A weekend introducing the identification and natural history of perhaps the most visually appealing of all insect groups.
Only live viewing techniques are used: light traps and sugaring for moths and sweep nets for butterflies. We will discuss the benefits of the different trapping methods and the different types of light trap. Working through the moth catch in the morning is complemented by afternoon excursions to look for and identify butterflies on the wing. Local butterfly species include Silver Washed Fritillary, White Admiral and Purple Hairstreak and the larger moths include Poplar, Privet, Pine and Elephant Hawk Moths.
This is one of a series of courses (Units) run jointly with Manchester Metropolitan University contributing to the MSc Biological Recording and Ecological Monitoring and the Postgraduate Certificate in Biological Recording. To gain university credits you must be registered for the programme in advance of this course. For further details please contact:
Department of Natural Sciences, Manchester Metropolitan University, (Shrewsbury Office). E-mail: [email protected]
The Unit will be assessed through, for example, identification tests, survey reports, field journals, production of keys, essays or other forms of assessment.
Tutor: Douglas Boyes
Douglas began recording moths aged 12 and became the youngest ever County Butterfly Recorder aged 15. Since starting teaching moth and butterflies courses in 2014, Douglas has built a reputation as a highly accomplished lepidopterist, being labelled a 'moth recorder extraordinaire' by Butterfly Conservation's Richard Fox. He has provided training and public engagement events for clients including the Field Studies Council, Oxford University, and the World Wildlife Fund. Douglas is currently employed to survey the moths of Wytham Woods (Oxford University's famous ancient woodland). Meanwhile, he is completing his PhD at the UK Centre for Ecology & Hydrology (Wallingford), investigating the impacts of light pollution on moths.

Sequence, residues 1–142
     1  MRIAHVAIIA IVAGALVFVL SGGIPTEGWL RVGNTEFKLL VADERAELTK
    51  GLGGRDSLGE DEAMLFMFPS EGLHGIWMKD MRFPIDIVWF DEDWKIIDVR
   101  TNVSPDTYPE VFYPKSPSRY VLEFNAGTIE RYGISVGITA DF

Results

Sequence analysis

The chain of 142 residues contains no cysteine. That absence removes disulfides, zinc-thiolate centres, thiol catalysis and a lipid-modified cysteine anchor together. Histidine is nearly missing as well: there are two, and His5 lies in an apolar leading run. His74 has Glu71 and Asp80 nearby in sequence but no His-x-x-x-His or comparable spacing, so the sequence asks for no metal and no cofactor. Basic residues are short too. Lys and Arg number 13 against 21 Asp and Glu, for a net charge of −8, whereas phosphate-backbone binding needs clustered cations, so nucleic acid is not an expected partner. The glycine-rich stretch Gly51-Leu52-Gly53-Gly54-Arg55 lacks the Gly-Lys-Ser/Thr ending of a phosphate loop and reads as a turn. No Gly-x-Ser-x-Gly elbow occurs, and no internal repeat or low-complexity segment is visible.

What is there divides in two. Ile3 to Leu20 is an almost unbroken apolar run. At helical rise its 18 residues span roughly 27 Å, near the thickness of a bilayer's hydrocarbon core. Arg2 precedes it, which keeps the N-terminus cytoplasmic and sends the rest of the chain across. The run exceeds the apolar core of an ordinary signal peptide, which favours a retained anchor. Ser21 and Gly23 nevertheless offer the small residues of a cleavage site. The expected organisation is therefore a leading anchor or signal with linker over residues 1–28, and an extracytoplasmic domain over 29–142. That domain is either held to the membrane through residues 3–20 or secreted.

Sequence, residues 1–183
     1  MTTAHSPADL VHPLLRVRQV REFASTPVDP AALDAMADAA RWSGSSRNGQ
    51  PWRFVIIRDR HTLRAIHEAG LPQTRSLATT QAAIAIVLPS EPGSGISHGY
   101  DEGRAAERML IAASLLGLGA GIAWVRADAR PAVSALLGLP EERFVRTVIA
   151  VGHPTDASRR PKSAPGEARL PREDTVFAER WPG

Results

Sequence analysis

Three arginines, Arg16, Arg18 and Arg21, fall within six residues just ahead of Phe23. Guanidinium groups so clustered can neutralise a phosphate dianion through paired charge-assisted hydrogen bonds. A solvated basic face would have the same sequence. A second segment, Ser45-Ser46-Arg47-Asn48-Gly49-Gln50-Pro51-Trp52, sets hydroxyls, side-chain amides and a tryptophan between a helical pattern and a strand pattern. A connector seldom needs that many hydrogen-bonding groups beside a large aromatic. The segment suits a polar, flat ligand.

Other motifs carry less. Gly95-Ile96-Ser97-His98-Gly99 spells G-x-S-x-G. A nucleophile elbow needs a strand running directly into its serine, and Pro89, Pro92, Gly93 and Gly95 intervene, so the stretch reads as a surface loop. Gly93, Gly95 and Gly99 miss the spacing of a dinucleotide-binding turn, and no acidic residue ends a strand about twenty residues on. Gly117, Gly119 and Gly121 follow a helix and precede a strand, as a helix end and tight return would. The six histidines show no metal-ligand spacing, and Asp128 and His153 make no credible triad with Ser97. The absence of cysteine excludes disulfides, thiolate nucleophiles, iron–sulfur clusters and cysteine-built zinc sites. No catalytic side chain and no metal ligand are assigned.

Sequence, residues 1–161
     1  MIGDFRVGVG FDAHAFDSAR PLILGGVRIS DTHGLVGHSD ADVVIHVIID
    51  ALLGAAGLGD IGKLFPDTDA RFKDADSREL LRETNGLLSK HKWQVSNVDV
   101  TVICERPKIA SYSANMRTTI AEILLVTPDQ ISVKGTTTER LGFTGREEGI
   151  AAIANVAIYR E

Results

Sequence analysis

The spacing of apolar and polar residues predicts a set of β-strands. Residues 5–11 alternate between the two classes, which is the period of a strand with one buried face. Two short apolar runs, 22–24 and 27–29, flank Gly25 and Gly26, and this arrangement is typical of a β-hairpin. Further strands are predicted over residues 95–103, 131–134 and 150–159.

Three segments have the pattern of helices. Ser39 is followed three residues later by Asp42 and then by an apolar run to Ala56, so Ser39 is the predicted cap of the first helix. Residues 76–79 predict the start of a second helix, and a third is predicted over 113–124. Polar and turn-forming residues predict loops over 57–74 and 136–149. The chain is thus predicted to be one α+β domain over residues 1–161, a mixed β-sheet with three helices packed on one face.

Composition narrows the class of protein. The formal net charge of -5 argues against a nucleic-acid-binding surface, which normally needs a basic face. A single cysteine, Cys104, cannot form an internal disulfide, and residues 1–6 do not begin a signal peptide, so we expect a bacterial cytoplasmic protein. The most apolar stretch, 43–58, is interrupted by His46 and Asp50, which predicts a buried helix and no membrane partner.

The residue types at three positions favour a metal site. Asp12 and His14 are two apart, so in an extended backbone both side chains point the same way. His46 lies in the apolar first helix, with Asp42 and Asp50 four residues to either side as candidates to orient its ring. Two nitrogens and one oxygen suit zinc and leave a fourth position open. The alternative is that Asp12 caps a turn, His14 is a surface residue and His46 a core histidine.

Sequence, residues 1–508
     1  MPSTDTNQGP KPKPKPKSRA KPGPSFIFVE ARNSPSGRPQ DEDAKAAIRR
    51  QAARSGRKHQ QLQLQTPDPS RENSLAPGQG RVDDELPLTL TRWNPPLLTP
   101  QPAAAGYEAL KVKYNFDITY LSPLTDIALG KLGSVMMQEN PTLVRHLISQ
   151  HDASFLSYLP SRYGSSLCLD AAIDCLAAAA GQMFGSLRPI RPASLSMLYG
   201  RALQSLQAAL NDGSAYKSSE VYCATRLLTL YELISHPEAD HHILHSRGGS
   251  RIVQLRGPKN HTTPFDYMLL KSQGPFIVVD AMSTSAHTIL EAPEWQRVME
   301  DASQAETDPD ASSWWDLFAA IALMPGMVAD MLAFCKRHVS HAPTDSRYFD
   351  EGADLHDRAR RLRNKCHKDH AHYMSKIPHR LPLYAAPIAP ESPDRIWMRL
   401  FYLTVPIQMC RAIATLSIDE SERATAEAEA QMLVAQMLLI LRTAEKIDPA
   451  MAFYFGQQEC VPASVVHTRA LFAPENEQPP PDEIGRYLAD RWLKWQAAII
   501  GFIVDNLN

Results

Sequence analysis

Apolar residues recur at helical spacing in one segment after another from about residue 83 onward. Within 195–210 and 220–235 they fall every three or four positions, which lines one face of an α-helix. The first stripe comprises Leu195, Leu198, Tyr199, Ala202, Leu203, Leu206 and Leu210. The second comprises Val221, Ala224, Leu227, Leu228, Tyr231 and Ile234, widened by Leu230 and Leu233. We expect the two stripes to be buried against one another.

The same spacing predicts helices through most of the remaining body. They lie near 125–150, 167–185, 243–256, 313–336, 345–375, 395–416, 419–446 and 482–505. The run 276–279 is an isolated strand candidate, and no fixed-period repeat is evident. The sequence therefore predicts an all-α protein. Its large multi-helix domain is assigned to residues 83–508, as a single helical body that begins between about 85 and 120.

Please note, the fee is for tuition, packed lunch and refreshments only.
If you would like to book accommodation and an evening meal at FSC Flatford Mill, please call 01206 297110.
With the generous support of the Suffolk Biodiversity and Information Service, along with the Suffolk Naturalists Society, we are able to provide bursary funding for course attendees on this course who meet the criteria. For more information please go to Bursaries for Natural History Courses.
Evening - there will be an illustrated talk on the biology and life-cycle of moths, followed by "sugaring" some of the riverside trees to attract various moths.
Emptying the MV trap that was run overnight on Valley Farm lawn, followed by a morning in the lab learning to identify the families and species of moths that we caught in the trap. In the afternoon, a trip to the delightful Stour Wood RSPB Reserve to look for butterflies (including White Admiral, Purple Hairstreak and Silver-washed Fritillary) and day-flying moths.
Evening - an illustrated talk on the biology and life-cycle of butterflies, followed by more moth-trapping.
Emptying the moth trap again, followed by another session in the lab working through our finds. In the afternoon, a walk in the vicinity of the Centre and surrounding fields to look for more butterflies (including browns and skippers) and day-flying moths.
Accrediting AgencyManchester Metropolitan University
Before You Attend
What to Bring
- If you have any personal moth and butterfly books, a x10 hand lens, or moth-collecting pots, then do bring them along - although all of these will be available at the Centre for the beginner.
- Close-focusing binoculars, if you have them, are always useful for getting a good view of our more retiring butterflies.
- An SLR camera with suitable attachments for close-up work, if you are interested in the photography of moths and butterflies.
- Any photographs you have taken of moths and butterflies that you would like identified, or simply to share with other course members.
- Pens, pencils and a notebook.
- Warm clothing and a torch for the moth-trapping, plus a lunchbox, comfortable shoes and waterproof clothing (just in case!) for the excursions.
The field excursions, whilst not strenuous, may involve circular walks of between two and three miles in order to see all of the target species. Participants will therefore need a reasonable degree of physical fitness.
Colour Identification Guide to Moths of the British Isles, Bernard Skinner (3rd Edition, 2009, Apollo Books, ISBN 978-8788757-90-3) - an excellent guide to the identification of the larger moths, but rather expensive. (Copies will be on hand at the Centre during the weekend.)
Field Guide to the Moths of Great Britain and Ireland, Paul Waring and Martin Townsend (either the 2009 edition - British Wildlife Publications, ISBN 978-0953139-98-9 or the latest 2017 edition – Bloomsbury Publishing ISBN 978-1472930-31-6).
Pocket Guide to the Butterflies of Britain and Ireland, Richard Lewington (2nd Edition, 2015, Bloomsbury Publishing ISBN 978-1910389-04-1)